November 11, 2019
WISE ON THE MIDDLE EAST
Each week Robert L. Wise, Ph.D., explores the Middle Eastern situation, ranging from Egypt through Jordan, Syria, Lebanon, Israel and the surrounding area. Wise first traveled to Israel and the neighboring countries in 1968. Two of his sons taught in Jordan and Lebanon universities. Wise presents an objective view of the behind the scenes situation in these countries.
In the last blog, I noted that from the point of view of the Middle East, Trump’s actions in Syria have handed Putin his first three major objectives on a silver platter. Putin is now the king maker and controls Syria. America is out.
Between 25 and 35 million Kurds inhabit a mountainous region straddling the borders of Turkey, Iraq, Syria, Iran and Armenia. They make up the fourth-largest ethnic group in the Middle East, but they have never obtained a permanent nation state. Currently, they are struggling to exist.
In a recent article in The Jerusalem Post, Seth J. Frantzman noted that Turkey’s action in attempting to create a buffer zone with the Syrians by attacking the Kurds has re-written the rules of International Law. Declaring that the existence of a terrorist organization gives them the right to create a so-called safe zone or peace corridor, Turkish President Recep Tayyip Erdoğan has created a new doctrine with frightening implications for international affairs.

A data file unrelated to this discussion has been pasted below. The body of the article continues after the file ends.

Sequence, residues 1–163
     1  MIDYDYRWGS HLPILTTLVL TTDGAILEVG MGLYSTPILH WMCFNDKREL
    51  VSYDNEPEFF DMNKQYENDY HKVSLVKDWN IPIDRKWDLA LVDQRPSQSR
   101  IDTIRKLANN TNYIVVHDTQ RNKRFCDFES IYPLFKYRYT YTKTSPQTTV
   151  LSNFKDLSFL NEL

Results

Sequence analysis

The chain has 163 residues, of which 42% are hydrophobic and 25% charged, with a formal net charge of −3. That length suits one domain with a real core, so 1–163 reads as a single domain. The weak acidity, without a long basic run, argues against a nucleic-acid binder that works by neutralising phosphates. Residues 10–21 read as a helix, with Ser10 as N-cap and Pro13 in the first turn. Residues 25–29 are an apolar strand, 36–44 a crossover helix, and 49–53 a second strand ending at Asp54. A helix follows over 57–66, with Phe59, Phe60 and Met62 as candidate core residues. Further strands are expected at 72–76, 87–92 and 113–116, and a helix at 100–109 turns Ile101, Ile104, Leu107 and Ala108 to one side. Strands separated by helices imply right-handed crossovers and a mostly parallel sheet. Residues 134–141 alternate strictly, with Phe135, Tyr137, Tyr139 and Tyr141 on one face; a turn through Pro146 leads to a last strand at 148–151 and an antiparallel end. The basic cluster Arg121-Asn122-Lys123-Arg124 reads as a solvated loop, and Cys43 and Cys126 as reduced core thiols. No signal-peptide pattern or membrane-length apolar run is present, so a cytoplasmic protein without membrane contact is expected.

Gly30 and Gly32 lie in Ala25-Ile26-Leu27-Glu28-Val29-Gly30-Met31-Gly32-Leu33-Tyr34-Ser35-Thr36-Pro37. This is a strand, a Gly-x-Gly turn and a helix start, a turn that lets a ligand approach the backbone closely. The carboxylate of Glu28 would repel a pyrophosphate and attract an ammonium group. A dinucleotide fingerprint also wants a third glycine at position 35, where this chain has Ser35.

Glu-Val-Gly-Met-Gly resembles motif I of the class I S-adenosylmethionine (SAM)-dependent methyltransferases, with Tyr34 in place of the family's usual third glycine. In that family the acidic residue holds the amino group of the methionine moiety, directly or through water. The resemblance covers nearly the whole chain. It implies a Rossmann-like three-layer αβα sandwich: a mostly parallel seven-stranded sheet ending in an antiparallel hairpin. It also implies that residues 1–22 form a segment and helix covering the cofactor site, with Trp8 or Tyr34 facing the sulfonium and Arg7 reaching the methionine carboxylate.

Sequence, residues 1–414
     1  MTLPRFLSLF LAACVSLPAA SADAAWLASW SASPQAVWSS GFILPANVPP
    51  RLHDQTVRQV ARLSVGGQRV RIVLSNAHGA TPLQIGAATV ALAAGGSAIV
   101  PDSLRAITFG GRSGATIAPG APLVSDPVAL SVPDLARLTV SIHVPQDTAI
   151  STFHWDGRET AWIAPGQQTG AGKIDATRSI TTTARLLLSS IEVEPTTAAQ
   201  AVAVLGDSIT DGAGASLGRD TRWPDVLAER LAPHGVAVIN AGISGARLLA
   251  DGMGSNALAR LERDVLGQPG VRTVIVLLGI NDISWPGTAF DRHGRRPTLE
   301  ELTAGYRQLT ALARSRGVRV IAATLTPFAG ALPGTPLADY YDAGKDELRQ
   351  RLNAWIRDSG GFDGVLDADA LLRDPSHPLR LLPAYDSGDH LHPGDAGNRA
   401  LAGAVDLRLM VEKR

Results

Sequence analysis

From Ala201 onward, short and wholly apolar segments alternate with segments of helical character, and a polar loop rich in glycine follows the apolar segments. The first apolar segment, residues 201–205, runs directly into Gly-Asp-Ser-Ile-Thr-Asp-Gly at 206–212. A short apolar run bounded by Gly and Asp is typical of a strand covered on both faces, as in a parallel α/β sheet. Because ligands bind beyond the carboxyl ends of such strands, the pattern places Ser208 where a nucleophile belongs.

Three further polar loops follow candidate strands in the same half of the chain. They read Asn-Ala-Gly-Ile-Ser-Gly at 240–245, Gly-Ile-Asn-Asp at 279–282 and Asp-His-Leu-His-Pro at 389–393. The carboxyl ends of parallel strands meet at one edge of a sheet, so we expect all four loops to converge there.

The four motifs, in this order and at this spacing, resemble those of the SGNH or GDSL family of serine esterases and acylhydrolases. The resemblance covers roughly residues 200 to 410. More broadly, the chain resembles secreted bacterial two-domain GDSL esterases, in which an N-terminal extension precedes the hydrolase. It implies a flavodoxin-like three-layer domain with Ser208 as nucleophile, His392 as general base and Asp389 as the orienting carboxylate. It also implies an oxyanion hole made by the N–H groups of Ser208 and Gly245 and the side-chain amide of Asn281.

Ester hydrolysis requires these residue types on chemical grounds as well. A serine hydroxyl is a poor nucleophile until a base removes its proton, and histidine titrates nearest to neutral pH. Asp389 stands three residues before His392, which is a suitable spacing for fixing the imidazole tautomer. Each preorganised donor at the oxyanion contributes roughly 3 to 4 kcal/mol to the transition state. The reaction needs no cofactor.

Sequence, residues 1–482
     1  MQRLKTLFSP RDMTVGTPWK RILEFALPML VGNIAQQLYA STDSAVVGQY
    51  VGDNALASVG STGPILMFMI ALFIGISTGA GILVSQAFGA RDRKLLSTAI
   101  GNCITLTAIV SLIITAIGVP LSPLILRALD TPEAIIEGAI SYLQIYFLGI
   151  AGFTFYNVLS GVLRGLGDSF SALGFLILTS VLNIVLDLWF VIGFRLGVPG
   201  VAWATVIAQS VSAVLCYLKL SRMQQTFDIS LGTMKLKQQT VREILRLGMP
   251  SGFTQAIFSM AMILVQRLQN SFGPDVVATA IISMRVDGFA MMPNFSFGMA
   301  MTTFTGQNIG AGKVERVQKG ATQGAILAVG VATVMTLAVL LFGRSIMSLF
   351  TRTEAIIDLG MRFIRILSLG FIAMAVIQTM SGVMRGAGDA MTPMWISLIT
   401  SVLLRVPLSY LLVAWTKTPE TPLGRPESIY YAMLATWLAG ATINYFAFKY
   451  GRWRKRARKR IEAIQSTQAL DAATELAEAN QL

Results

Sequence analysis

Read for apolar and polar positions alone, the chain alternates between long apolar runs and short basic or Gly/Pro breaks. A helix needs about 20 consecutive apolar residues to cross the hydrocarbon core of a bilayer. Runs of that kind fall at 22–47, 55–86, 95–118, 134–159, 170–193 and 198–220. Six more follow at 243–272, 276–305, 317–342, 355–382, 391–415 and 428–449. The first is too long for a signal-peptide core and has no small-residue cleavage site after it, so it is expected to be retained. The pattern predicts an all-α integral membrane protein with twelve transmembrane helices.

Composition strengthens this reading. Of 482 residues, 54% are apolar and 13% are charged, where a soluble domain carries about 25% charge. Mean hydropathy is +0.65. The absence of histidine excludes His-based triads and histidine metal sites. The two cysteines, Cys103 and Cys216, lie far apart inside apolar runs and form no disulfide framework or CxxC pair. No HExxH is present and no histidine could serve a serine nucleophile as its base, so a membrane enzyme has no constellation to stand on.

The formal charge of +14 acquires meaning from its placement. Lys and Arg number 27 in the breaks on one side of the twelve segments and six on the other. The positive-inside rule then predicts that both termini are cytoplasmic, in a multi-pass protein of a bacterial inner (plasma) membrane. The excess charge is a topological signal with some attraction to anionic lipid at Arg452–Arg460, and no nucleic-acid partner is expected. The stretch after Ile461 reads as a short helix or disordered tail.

Countries like Saudi Arabia, Russian, and Egypt might conclude they can do the same if they want to make a grab for more territory. Declaring that they have a right (just as Turkey did) to expand their borders because some terrorist organization could be out, implies a new instability in establishing legal territorial boundaries. The silence in the international community seems to affirm the idea of invasion is acceptable simply because a country deems it necessary.
What is also implied in this action is the argument that more powerful states can assert their right to move across borders into less powerful countries that do not have the ability to protect themselves. Pakistan may now assert a need to grab parts of Afghanistan. Russia could say it can attack the border of Ukraine in the name of creating a “safe zone.” On and on the argument goes.
The abrupt action by President Trump in pulling American troops out of the border area has now left the impression America is no longer interested in such goals as religious freedom and stabilization. At one time America proclaimed an intention of reconstruction in some areas affected by the war with ISIS, but this now appears to be abandoned. The American assistance began in an effort to support the Kurds when ISIS moved to capture Kobani. ISIS was pushed out. Now five years later, America is walking away.
American soldiers have fought shoulder to shoulder with the Kurds and now the USA has abandoned them. If you care about people and their welfare, the implications are frightening!
You might find my collection of Holy Land experiences to be helpful.
BIBLE LANDS: An illustrated Guide to Scriptural Places
Barbpir books Publishers